shoulder osteoarthritis

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Sometimes the rubbery outer layer of the articular cartilagearticular cartilageA resilient tissue that covers the surface of bones where they meet in a joint. The cells of articular cartila... that covers the ends of your bones deteriorates. The result is called osteoarthritisosteoarthritisArthritis characterized by erosion of articular cartilage, either primary or secondary to trauma or other cond.... OsteoarthritisOsteoarthritisArthritis characterized by erosion of articular cartilage, more common in older people. affects the entire jointjointThe junction or articulation of two or more bones that permits varying degrees of motion between the bones.—causing cartilagecartilageA usually translucent somewhat elastic tissue that composes most of the skeleton. loss, boneboneThe hard tissue that provides structural support to the body. It is primarily composed of hydroxyapatite cryst... damage, formation of bone spursspursA sharp, bony outgrowth located at the end of a bone., and soft tissuetissueA collection of similar cells and the intercellular substances surrounding them. inflammationinflammationA local response to injury due to a physical reaction (such as abrasion), or to chemical or biological agents,.... The cartilage loses its ability to absorb shocks and repair itself.

Since osteoarthritisosteoarthritisArthritis typically with onset during middle or old age that is characterized by degenerative (gradual deterio... results from wear-and-tear, it most often is seen in older people. In fact, half of the U.S. population aged 65 or older is likely to show evidence of osteoarthritis in at least one jointjointThe junction between the ends of two adjacent bones.. There also is increasing evidence that genetics may play some role in this disease. In addition, osteoarthritis may be caused by certain diseases such as Paget's diseasePaget's diseaseA skeletal disease of older persons, often inherited, in which bone breakdown and formation are both increased..., by injury, or by sports- or work-related overuse of the shoulder.

what are the symptoms of arthritis? how is it diagnosed and treated?
glenohumeral joint arthritis

Glenohumeral joint arthritis occurs in the glenohumeral (ball and socket) joint. The most common symptoms are painpainAn unpleasant sensation associated with actual or potential tissue damage, and mediated by specific nerve fibe... and restriction of motion.

To diagnose the condition, the physician will take the patient‘s medical history and examine the shoulder to assess range of motion. X-rays may be helpful to show bone spurs and loss of joint space—an indication of damaged cartilage. An MRIMRIShort for magnetic resonance imaging. This is a special radiologic test that allows for excellent imaging of t... also may be ordered to look for joint capsulejoint capsuleThe sac that encloses a joint, formed by an outer fibrous capsule and an inner synovial membrane. swelling and bone spurs.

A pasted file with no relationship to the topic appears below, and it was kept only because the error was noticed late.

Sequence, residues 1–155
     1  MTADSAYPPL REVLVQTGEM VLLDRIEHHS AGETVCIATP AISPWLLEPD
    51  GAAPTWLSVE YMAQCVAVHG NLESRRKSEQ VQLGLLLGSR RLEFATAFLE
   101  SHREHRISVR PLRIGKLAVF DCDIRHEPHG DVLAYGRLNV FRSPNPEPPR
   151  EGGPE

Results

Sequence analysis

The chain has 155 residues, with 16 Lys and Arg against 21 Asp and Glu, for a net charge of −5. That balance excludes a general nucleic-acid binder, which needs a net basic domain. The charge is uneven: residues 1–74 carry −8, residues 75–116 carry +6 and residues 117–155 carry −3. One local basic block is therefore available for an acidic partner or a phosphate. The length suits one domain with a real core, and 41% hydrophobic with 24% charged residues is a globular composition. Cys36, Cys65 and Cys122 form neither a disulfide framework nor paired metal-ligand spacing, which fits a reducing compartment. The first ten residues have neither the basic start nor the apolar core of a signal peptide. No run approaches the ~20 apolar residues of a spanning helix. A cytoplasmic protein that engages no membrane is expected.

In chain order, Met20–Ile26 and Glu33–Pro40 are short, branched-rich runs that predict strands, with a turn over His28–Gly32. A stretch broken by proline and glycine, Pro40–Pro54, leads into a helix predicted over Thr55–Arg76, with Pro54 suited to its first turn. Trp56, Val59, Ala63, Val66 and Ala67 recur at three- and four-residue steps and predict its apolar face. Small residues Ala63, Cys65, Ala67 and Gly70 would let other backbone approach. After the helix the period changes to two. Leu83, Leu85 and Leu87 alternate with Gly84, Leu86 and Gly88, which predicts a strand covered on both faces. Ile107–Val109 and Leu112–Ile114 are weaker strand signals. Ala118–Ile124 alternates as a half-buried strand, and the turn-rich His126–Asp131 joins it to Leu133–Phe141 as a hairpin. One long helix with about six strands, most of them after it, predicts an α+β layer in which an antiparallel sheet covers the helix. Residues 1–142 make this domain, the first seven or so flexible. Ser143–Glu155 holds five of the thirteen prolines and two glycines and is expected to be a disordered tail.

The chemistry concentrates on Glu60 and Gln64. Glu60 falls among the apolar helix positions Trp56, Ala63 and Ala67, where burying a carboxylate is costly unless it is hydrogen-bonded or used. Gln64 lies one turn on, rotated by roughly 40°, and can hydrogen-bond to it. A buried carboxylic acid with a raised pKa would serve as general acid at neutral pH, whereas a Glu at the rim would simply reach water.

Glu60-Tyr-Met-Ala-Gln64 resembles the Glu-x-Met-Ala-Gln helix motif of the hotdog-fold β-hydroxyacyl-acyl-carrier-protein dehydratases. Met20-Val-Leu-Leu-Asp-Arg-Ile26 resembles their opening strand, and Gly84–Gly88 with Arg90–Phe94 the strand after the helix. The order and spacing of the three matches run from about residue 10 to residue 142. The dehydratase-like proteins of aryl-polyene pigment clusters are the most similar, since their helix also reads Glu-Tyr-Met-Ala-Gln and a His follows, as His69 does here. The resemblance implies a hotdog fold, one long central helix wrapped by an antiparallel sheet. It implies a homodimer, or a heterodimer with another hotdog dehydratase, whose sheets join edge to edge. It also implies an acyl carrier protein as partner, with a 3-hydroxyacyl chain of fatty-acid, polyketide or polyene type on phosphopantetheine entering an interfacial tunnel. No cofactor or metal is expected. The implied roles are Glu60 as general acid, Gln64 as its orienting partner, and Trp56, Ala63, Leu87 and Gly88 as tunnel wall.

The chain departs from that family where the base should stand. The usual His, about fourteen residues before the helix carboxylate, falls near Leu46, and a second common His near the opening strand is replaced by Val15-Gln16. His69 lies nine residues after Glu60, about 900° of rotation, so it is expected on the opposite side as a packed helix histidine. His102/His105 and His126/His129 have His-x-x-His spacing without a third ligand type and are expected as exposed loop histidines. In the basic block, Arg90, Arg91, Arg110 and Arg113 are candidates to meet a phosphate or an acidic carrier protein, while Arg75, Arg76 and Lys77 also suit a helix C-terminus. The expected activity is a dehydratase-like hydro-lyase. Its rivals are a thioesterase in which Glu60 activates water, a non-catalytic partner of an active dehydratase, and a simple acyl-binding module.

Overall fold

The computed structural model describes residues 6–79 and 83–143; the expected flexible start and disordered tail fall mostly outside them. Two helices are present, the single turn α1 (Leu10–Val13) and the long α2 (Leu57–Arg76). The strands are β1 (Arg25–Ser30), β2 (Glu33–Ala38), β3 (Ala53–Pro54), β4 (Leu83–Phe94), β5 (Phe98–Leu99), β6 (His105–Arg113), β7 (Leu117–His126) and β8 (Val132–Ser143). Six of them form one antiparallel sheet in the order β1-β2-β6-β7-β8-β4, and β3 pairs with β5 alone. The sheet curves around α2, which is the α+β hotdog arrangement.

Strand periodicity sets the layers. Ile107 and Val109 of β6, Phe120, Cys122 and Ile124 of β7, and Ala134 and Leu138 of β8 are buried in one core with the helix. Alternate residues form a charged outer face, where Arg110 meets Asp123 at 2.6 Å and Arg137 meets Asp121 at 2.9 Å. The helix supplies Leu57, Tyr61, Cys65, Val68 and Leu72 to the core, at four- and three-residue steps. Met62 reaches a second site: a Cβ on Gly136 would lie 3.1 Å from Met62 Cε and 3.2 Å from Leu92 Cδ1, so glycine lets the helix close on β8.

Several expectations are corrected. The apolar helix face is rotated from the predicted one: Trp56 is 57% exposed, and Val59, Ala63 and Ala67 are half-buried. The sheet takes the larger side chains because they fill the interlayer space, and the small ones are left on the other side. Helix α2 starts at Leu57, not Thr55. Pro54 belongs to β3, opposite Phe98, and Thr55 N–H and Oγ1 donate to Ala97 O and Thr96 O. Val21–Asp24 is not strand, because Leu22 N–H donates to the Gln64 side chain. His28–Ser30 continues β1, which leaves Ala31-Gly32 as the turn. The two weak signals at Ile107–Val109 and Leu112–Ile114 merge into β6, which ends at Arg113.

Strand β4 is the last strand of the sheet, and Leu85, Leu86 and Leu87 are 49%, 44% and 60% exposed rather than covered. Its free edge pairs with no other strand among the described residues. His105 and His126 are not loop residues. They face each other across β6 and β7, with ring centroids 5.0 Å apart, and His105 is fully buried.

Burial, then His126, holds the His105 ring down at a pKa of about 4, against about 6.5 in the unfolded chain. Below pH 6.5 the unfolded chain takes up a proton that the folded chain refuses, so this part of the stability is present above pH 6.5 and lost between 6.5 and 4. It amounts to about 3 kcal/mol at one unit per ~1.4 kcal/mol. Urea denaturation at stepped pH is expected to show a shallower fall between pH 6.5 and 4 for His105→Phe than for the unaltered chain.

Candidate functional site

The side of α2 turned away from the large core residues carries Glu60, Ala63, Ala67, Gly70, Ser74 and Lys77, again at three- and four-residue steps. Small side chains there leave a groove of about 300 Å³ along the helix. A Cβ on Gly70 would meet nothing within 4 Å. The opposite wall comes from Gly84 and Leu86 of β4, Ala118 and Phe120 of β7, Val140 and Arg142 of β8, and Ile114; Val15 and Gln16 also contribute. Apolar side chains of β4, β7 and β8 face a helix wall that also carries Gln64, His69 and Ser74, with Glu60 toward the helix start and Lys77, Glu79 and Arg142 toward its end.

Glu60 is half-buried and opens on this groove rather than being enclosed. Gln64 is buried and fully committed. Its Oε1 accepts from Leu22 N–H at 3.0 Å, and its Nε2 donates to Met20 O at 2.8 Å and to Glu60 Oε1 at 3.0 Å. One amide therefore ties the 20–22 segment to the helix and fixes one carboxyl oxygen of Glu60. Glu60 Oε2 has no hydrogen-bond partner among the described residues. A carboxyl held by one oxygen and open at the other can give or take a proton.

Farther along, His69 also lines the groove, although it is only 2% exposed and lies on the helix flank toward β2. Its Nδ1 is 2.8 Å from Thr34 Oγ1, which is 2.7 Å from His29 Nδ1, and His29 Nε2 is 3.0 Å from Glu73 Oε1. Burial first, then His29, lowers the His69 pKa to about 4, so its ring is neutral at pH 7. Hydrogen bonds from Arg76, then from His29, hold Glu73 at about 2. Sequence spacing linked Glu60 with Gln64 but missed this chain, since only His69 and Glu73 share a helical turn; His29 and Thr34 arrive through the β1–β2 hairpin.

The physician may suggest NSAIDsNSAIDsA nonsteroidal anti-inflammatory drug such as ibuprofen. to treat the pain and inflammationinflammationA localized tissue response initiated by the injury or destruction of vascularized tissues. Inflammation Heat,.... It also may be necessary to modify some of the activities that affect the patient‘s shoulder movement. The physician also may suggest a corticosteroid injection into the joint to decrease painful symptoms.

Early stages of glenohumeral joint arthritis can often be managed without surgerysurgeryThe branch of medicine concerned with the treatment of disease, injury, and deformity by operation or manipula.... However, if arthritis is severe or symptoms are not well controlled with rest, medication and injections, a shoulder replacement may be recommended.

acromioclavicular joint arthritis

Acromioclavicular joint arthritis occurs where the collarbone (clavicleclavicleThe collarbone.) meets the shoulder blade (scapula) at the acromion. The most common symptoms are pain at the top of the shoulder, pain when crossing the arm in front of the body (such as reaching to touch the other shoulder) or pain when raising the arms above the head.

Arthritis in this joint most commonly results from:

To diagnose the condition, the physician will take a medical history and examine the shoulder for tenderness. X-rays may be helpful in showing bone spurs and loss of joint space—an indication of damaged cartilage. An MRI also may be ordered to look for joint capsule swelling and bone spurs pushing down into the rotator cuffrotator cuffThe rotator cuff is made up of four muscles and their tendons. These combine to form a "cuff" over the head of....

The physician may suggest NSAIDsNSAIDsA nonsteroidal anti-inflammatory drug such as ibuprofen. and ice packs to treat the pain and inflammation. It also may be necessary to modify some of the activities that affect the shoulder‘s movement. The physician may suggest a corticosteroid injection into the joint to decrease painful symptoms. In addition, physical therapyphysical therapyThe treatment consisting of exercising specific parts of the body such as the legs, arms, hands or neck, in an... may be useful.

If arthritis is severe or symptoms are not well controlled with rest, medication, and injections, surgery may be recommended to remove the end of the collarbone.

what can patients expect long term?

Osteoarthritis affects everyone differently. In some people, their arthritis progresses rapidly, with severe symptoms. This requires aggressive management of the disease. Fortunately, the development of new medications and innovations in joint preserving or joint replacement procedures are continuing.